24 August 2015
Hadley Wickham's Advanced R
I suppose this post is a discussion of my first pass through the Advanced R- I will certainly be revisiting several sections in greater detail. I worked through this book on my lunch break over the course of a couple of months, and thoroughly enjoyed it. I found it to follow on at an appropriate level from the Johns Hopkins Data Science Specialization on Coursera, and stuff you will learn will definitely start to move you through the ranks of competancy as an R programmer.
Hadley nicely breaks the book down into several sections: foundations, functional programming, metaprogramming and peformant code. I found at my level, the foundations chapter served really well to fill in the gaps of my knowledge- for example stuff I was used to doing, but perhaps had picked it up without fully appreciating what was going on, and just using programming idioms by force of habit rather than a real understanding.
One key part that I have definitely shared with others who are fairly competent at R programming is the styling section- programmers used only to R are notorious for their abuse of '.' notation, which grinds the gears of anyone who is used to object oriented programming. For example, anyone who names a variable input.data will probably annoy and confuse people. Hadley's styling guide is good, and when you work with others on projects it is key to agree on a style of coding before you end up in arms with one another.
The O-O field guide was perhaps disappointingly short, and I'm going to have to rely on other resources to get to grips with the S4 system. However, the author does make this point clear that it is a large topic in itself, and only a quick summary will be provided.
Moving on to functional programming, I think this is the most important section of the book. To get competent at R programming, you need to be competent at functional programming. Hadley's introduction to the [*]apply family and functionals is outstanding. He moves on to function operators after a few chapters. This was a new concept to me- I found it fascinating, and definitely a topic I will revisit so that I can comfortably incorporate the techniques in my day to day coding.
The section on metaprogramming definitely moves up a level of difficulty. If you have used R interactively, chances are you have taken advantage of metaprogramming, perhaps without even knowing it. I enjoyed working through the chapters and the excercises, however coming from a background programming in Fortran, the concept of metaprogramming was a bit alien. This was perhaps the only section where I felt not entirely convinced where and how I should be using these techniques, despite the excellent description of what is going on. This will change soon, as I plan to revisit this section and get more familiar with the concepts so that I can take full advantage of them in my code.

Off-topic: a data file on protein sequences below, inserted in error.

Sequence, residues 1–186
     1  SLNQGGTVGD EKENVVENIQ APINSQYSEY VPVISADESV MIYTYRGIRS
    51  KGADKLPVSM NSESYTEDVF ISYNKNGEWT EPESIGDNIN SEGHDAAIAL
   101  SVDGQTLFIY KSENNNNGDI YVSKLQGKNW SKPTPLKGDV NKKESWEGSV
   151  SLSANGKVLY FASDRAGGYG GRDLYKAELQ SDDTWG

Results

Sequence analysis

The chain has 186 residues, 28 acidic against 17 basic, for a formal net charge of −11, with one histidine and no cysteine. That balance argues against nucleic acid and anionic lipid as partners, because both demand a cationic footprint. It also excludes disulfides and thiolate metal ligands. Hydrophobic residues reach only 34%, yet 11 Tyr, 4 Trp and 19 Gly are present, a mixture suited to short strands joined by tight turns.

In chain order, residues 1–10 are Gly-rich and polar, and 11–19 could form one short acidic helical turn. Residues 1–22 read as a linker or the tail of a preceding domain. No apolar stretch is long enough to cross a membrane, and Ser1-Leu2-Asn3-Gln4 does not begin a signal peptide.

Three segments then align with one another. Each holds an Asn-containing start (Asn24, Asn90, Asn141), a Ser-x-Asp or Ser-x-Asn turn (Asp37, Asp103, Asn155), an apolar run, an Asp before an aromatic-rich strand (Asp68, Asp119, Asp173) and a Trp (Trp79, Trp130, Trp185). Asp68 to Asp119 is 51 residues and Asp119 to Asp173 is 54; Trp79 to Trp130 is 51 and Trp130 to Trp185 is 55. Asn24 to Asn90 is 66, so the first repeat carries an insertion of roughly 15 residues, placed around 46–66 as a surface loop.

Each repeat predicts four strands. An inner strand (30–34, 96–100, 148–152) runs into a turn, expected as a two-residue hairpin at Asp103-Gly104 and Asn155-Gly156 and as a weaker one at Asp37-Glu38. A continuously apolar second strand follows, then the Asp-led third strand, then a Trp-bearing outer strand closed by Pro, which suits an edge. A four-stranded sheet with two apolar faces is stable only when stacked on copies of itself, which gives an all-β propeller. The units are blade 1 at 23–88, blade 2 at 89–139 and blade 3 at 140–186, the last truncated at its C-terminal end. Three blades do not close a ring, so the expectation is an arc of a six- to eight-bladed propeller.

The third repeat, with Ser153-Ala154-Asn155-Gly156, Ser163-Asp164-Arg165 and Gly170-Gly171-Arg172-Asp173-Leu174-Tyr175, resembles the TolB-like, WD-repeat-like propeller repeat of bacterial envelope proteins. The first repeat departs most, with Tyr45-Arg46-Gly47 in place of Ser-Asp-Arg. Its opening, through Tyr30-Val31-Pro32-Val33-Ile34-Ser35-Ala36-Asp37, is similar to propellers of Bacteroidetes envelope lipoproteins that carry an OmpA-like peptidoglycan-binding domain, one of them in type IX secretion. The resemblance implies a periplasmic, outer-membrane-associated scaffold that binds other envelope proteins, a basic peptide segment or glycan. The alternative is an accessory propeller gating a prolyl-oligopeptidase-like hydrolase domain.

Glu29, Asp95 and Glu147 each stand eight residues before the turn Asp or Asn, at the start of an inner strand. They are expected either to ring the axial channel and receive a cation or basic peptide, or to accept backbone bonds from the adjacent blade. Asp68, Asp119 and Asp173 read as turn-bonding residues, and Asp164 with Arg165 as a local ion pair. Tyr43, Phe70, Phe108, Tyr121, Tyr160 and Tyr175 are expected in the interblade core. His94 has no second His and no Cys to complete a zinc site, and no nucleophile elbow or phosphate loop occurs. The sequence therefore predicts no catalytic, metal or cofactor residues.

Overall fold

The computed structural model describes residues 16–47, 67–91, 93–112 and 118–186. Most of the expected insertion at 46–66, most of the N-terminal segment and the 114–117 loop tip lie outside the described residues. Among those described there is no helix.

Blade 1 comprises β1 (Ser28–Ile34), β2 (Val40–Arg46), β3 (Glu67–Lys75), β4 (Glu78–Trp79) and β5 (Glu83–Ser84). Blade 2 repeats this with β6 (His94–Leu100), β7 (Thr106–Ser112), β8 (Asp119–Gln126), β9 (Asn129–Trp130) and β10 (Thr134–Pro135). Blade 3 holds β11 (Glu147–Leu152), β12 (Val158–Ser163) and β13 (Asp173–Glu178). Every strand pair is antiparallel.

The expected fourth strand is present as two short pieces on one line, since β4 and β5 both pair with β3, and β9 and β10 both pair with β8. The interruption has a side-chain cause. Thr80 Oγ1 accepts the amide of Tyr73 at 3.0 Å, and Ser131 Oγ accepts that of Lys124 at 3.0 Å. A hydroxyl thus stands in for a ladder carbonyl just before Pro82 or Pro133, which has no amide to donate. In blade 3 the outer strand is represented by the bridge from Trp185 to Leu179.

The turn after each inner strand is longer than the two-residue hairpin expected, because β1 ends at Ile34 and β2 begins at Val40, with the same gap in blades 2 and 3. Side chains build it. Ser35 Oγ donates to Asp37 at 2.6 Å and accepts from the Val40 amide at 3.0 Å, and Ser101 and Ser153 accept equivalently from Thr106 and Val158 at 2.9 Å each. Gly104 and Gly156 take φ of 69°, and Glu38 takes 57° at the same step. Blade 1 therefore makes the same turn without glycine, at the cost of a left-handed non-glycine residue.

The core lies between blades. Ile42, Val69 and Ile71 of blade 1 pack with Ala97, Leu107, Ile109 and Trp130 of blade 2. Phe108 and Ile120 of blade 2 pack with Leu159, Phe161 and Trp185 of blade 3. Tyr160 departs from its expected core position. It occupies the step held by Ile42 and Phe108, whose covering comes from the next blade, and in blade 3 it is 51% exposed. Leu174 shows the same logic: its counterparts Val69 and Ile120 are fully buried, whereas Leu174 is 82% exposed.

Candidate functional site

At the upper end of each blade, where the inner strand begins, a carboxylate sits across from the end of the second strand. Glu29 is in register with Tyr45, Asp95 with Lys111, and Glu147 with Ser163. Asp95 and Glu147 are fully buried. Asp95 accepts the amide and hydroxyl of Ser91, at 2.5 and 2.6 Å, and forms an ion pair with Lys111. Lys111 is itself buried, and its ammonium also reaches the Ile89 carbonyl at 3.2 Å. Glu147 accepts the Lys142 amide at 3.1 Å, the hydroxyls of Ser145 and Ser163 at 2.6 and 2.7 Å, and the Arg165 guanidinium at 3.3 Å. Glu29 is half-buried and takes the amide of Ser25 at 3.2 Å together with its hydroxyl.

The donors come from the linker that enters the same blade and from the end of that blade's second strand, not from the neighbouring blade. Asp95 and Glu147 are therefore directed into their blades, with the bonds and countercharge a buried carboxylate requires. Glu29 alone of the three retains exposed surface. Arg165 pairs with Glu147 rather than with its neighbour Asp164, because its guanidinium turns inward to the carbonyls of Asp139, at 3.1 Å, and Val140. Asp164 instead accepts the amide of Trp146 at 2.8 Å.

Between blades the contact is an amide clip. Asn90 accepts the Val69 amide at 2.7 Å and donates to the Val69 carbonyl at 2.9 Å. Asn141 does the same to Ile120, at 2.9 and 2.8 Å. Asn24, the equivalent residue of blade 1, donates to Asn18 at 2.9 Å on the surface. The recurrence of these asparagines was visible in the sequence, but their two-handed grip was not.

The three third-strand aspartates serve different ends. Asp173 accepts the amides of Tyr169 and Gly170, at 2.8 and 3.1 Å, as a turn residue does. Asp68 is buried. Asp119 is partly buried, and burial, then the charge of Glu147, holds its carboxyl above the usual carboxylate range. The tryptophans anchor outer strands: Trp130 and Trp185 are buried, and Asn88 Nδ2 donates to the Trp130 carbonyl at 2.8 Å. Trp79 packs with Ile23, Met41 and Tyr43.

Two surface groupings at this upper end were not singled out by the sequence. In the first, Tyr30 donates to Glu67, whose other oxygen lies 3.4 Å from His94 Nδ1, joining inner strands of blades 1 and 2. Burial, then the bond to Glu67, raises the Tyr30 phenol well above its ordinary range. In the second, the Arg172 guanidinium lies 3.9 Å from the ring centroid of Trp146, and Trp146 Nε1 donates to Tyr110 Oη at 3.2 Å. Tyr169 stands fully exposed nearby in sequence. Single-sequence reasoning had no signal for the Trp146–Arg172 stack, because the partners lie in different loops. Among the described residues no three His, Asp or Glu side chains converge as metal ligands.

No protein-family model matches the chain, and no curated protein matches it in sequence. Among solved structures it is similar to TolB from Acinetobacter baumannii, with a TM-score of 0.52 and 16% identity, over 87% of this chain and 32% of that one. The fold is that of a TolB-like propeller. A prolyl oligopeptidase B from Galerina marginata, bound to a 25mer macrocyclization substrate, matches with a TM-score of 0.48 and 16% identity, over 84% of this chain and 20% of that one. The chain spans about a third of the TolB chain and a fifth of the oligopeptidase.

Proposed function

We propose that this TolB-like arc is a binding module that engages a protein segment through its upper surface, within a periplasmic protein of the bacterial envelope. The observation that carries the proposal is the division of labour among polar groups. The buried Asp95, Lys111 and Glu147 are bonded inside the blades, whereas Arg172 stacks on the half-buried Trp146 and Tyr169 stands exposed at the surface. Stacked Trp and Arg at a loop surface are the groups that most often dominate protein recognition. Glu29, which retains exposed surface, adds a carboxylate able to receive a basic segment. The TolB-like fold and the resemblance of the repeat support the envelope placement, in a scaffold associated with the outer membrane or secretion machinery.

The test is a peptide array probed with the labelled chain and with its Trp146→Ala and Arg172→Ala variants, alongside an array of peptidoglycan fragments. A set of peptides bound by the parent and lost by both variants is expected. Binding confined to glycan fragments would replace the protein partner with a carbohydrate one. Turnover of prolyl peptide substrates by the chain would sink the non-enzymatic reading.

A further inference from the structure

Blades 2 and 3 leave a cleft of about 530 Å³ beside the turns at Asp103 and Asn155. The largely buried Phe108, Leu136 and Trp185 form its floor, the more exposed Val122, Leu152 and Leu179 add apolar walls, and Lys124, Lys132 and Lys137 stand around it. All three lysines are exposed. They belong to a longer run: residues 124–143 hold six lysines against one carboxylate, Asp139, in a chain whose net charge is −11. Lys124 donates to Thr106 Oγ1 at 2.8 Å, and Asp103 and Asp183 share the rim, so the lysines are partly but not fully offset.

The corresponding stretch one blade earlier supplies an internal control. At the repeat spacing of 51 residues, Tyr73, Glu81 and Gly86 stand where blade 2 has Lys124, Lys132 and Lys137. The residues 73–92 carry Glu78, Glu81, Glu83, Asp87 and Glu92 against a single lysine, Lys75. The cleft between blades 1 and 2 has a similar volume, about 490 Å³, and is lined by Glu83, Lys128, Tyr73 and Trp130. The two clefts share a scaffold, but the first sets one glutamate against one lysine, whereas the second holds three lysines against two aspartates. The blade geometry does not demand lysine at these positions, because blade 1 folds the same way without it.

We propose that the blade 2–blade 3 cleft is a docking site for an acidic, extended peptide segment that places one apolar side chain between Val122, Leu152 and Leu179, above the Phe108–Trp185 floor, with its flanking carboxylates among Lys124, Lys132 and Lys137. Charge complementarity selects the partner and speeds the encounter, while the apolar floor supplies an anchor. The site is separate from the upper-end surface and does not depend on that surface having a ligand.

The section on peformant code is fantastic, with an outstanding introduction to Rcpp. Dirk Eddelbuettel's package allows seamless integration of C++ into R, allowing insane speedups without having to resort to (potentially ridiculous) cloud based parralelisation running R. I learnt a bit of C++ a few years ago, and this has certainly motivated me into brushing up to the standard that I can begin to incorprate my own high peformance functions into my R code. I'll probably blog about that soon.
Hadley also goes through some other neat tricks and practices, such as stripping down functions to speed them up, and also discusses the process you should go through when trying to eliminate bottlenecks and optimise code. This stuff is I suppose fairly standard in all programming languages, but the author is an excellent communicator and makes his points clear, concise, and interesting to read.
Throughout the book, Hadley provides many short assignments to test your knowledge, and I found it really beneficial to work through them. Most of the questions were great, however on a couple of occasions I didnt really follow what Hadley was getting at and asking me to do. I think some worked solutions would have been really helpful... although I suppose that would have discouraged people from attempting them by themselves.
I think overall this book is fantastic. Hadley Wickham has become somewhat of a celebrity in the R community, and this book is proof that it is for good reason. He really knows his stuff, and is an excellent author and teacher. I also quite liked that Hadley focuses more on teaching R programming than showing off his own (many) packages.
TL;DR- For anyone serious at getting competent at R programming, read this book, and keep a copy on your desk.